‘We’ve actually got a fire in the stand on the far side of the ground. And that looks very nasty indeed.’ John Helm while commentating on the Bradford City v Lincoln City game, 11th May 1985.
Nasty it was: 56 people died. The Bradford City fire was one of numerous stadium disasters that ushered in the new football stadiums of England and elsewhere from the 1990s onward. And now, in these contemporary all-seaters, expensively-priced, highly-corporatised and tightly-controlled stadiums fans often long romantically for the stadiums of old.
One of the Bradford City fans caught in the fire that day was Paul Town who was watching the game with his father. Paul, a life-long Bradford City fan, these days, paints stadiums. His paintings chronicle architecture, everyday urban life, and northern-English landscapes. He paints from the view of a football fan, who is aware of both the joys and horrors of the old stadiums, already lost. He writes:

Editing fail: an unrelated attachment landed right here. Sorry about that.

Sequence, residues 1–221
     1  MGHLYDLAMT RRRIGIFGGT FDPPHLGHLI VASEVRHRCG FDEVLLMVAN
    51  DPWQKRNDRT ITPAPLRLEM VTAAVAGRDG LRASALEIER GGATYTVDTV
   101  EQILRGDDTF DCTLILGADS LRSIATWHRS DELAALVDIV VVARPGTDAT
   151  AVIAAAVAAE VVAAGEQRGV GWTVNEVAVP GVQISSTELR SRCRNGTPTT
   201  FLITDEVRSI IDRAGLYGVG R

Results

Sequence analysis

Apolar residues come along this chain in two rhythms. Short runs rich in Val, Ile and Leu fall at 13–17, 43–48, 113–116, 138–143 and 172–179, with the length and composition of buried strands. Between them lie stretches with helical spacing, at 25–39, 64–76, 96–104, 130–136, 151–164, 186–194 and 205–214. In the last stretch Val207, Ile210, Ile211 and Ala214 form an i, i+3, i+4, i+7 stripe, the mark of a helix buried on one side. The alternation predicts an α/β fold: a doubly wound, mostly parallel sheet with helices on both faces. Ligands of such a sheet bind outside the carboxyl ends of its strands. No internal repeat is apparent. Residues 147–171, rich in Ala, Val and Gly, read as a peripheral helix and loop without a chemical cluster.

“The old timber stands and terraces and been replaced by a mass of concrete, steel and plastic. Whilst we all agree, its safety first, many modern stadiums lack the character of the old. If it wasn’t for the clubs name emblazoned across the shiny coloured plastic seating, it would be difficult to tell the difference between so many of the stadiums we see today.”